What the new citizenship legislation meant

My team’s investigation of the non-citizens in the country identified about 1.3 million eligible, of whom nearly one million were British. These were all believed to be white, because non-whites (including the many professional Asians) would seek the sanctuary of citizenship as quickly as possible.

… … a good friend of mine, whose working life was predominantly in Australia, with an English wife and children born in Australia, refused Australian citizenship. He had done this because of an intangible but proud affinity with his country of birth. He does not mind paying for a re-entry visa whenever he attends conferences overseas (frequently). It was a matter of pride to him.

Others have said that they have fought for and worked for Australia all their lives and so objected to being treated as immigrants – for them, moving to Australia was not emigration. I had some sympathy for this view – Australia had been an extension of home; and they had been allowed to reach top positions in Australia, without challenge.

Now, things were going to change. A coloured New Australian would recommend parity of treatment, of the sexes, and of all immigrants under citizenship legislation. He would recommend that anyone wishing to govern, administer, or fight for Australia, had to make a commitment to Australia; that citizenship was the vehicle for that commitment; and that this commitment be in the form of an oath of affirmation or allegiance to Australia, the nation. It was easy. No one disagreed.

… … It was ironic that at the time of recommending removal of the preferential treatment of British migrants, my right of entry into Britain was being removed. Britain was limiting the residence and citizenship rights of her colonial subjects. But I became aware of my loss only after I had completed my recommendations regarding Australian citizenship. I was also not interested in dual citizenship, which I consider anachronistic.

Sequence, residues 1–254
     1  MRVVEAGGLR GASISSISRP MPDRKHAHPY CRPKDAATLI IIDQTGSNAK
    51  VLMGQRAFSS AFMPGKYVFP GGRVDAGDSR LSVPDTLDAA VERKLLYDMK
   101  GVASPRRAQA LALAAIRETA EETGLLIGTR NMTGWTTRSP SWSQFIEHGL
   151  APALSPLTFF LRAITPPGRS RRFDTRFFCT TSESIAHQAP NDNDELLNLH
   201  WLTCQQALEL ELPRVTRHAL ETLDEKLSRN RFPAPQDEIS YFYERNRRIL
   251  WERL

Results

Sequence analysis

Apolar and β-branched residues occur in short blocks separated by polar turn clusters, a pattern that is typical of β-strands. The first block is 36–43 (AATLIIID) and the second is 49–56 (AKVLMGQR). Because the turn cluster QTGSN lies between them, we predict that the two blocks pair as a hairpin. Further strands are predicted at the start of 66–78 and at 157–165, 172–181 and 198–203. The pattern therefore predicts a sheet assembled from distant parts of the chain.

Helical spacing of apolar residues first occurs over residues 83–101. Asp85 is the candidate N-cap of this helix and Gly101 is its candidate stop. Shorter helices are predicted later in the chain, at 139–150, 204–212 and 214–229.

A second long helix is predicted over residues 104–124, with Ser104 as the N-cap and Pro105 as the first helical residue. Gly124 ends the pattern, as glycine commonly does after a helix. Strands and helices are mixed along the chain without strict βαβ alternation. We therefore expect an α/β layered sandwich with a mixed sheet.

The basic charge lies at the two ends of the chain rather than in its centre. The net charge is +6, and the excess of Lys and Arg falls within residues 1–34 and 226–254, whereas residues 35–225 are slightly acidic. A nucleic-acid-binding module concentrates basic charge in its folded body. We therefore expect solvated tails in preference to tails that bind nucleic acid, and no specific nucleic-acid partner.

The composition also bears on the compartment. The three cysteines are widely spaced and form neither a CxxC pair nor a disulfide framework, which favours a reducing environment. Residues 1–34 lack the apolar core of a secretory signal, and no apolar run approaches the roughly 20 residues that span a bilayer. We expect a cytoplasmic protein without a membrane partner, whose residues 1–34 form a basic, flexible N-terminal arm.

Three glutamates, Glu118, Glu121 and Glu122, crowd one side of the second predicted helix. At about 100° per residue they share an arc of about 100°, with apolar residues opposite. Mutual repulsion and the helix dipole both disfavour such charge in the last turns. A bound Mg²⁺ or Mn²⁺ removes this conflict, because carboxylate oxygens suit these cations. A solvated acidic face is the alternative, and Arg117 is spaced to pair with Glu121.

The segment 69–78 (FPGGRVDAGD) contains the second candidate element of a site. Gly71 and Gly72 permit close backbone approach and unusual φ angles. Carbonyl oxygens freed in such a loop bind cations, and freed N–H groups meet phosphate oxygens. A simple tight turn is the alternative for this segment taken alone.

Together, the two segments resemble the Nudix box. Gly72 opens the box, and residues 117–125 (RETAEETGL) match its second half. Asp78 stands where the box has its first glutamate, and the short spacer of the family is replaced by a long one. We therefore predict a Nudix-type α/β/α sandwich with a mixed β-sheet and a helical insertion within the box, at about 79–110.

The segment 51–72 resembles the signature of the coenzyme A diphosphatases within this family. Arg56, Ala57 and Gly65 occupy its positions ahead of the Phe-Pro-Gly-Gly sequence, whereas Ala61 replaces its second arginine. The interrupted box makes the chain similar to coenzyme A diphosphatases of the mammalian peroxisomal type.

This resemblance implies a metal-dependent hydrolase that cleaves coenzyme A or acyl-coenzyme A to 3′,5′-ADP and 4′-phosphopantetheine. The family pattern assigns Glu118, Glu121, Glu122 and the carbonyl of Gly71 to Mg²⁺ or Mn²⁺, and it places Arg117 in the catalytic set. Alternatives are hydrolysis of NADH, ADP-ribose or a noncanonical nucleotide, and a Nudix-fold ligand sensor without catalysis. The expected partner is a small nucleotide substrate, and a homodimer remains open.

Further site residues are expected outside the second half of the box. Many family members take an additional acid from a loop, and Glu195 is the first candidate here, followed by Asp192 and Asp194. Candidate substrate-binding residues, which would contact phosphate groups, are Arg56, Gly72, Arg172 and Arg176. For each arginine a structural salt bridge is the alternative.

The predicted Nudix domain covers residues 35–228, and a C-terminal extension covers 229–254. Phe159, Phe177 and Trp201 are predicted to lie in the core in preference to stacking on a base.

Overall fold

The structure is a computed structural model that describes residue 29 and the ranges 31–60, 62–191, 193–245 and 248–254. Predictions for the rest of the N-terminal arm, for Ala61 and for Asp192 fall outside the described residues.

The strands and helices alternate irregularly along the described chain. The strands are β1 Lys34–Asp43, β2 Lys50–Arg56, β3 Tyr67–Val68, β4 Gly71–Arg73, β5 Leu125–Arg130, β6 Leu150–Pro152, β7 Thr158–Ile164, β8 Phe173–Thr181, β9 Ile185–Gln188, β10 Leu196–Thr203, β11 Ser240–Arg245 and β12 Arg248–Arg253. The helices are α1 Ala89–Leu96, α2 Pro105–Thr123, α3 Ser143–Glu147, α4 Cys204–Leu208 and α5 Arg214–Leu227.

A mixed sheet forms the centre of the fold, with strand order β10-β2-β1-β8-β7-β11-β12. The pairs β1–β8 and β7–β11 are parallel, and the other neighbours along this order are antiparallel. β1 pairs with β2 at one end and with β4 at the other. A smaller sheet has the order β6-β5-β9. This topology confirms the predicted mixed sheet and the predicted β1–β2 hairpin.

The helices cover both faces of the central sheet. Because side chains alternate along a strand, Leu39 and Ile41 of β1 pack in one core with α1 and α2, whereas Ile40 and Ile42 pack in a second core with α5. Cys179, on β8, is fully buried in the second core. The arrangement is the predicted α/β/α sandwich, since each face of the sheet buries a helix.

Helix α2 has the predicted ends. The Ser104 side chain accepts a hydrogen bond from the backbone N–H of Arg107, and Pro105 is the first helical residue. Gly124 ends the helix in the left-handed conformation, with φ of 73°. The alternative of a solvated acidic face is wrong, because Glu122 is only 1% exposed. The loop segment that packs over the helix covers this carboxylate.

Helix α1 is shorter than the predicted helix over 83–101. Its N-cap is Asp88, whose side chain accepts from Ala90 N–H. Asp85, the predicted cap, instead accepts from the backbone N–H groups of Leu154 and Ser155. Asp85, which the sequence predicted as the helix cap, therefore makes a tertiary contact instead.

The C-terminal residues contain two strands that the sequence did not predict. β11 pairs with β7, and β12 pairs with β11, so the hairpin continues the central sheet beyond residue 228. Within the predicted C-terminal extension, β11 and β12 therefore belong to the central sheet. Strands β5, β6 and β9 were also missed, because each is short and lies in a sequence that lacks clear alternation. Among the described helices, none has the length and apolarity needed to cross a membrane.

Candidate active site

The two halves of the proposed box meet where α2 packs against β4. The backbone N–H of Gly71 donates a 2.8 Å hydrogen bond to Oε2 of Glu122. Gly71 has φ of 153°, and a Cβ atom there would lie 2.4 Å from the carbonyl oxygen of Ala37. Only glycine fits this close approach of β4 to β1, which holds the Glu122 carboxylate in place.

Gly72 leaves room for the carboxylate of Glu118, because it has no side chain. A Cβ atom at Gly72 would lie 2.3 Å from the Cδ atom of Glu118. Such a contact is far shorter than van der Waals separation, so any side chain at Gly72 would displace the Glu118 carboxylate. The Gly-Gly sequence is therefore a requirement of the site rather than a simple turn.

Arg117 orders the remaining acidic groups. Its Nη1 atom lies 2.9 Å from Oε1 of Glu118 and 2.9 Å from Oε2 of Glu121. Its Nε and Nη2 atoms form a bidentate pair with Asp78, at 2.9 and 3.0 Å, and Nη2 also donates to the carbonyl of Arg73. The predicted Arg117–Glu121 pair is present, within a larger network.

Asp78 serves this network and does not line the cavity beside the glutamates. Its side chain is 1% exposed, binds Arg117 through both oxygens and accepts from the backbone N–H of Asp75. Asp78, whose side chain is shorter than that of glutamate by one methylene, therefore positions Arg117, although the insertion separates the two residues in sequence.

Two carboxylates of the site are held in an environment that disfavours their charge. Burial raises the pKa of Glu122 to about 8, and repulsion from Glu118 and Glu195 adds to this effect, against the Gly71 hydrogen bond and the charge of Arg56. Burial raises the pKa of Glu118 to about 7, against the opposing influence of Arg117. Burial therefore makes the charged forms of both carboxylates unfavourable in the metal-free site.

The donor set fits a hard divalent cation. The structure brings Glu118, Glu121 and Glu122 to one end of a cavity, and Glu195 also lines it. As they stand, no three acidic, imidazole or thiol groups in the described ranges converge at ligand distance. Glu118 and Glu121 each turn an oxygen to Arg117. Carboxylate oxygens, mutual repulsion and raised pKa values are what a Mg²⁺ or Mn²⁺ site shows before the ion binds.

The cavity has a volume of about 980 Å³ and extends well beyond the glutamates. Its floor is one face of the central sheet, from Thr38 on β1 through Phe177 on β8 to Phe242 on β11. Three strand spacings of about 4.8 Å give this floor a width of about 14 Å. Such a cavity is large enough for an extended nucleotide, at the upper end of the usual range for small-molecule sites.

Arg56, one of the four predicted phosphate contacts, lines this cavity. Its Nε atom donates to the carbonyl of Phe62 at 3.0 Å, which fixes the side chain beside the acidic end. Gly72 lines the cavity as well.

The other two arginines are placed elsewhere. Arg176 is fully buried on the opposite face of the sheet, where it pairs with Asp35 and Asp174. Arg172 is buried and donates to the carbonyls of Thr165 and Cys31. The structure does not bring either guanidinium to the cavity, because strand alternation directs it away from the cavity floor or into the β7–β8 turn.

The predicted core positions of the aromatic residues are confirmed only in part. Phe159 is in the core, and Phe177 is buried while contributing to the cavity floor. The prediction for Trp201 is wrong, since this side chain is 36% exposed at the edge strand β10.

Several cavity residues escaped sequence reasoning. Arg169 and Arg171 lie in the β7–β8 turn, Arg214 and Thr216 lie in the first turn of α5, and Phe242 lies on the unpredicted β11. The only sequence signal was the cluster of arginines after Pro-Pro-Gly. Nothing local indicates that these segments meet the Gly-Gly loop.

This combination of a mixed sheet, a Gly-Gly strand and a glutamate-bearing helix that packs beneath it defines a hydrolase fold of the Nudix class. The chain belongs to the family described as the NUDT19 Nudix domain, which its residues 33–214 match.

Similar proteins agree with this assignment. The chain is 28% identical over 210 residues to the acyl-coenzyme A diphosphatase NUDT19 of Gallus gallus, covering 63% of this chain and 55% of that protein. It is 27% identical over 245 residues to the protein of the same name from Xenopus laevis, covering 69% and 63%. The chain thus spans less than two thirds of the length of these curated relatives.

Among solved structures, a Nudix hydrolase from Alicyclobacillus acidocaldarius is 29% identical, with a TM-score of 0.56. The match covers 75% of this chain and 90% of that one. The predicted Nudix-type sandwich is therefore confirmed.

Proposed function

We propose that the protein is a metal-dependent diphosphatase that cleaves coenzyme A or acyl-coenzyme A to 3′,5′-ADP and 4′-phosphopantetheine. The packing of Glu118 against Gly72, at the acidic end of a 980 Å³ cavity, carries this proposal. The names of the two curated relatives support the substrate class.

I also recommended the elimination of Ministerial discretion in citizenship matters. This would deny delegated rights to senior officers. Discretion is too easily abused. The unavailability of discretion dissuades politicians wishing to garner electoral support by generous discretionary approvals.

My revised legislative package was then worked over for three years by a number of division heads, some allegedly attempting to reintroduce discretion (for good reasons, of course). A number of branch heads sought to put their footprints on the documentation, and a chain of section heads carried the burdens of the ambitions of their bosses.
Finally, a no-nonsense Minister came upon the scene and said, “Let there be legislation covering all my decisions – no discretion,” or something like that, and three years after I left the area, the amended legislation was passed by Parliament. The day it occurred, the responsible section head, a man for whom I have the greatest respect, told me with some glee that “your package” got through today, “substantially as you had it.” That was good, and I felt good.

As for the enhancement project, the multi-ethnic members of the advisory council were mighty pleased with my paper and, a few years later, … it was tabled in Parliament. It contained a proposal to enhance citizenship through the education system. I had borrowed the model for this from my earlier proposal to my local school (and thus to the local Schools Authority) for a religious education (not indoctrination) programme for primary schools. Some years later, I was gratified to hear the then Prime Minister tell his nation that citizenship meant a commitment to the nation.

(It would be obvious from these extracts from ‘Destiny Will Out’ that, while the citizenship legislation needed revision, for 3 years, officials at the 2 levels in the senior executive service had sought unsuccessfully to amend the complete revision package. Since all relevant agencies, including Attorney-General’s, had approved the package, and since my expert team could not be countered, personal ambition (seeking delegated discretion) and petty prejudice against an outsider had to give way. My team provided the expertise; I merely led the way.

Since then, dual citizenship ruined the concept of a commitment to one’s nation through citizenship. My children’s generation had seen the future. What then of the sovereignty of independent nations? And the scope for protecting the nationals of such nations when in legal trouble overseas?)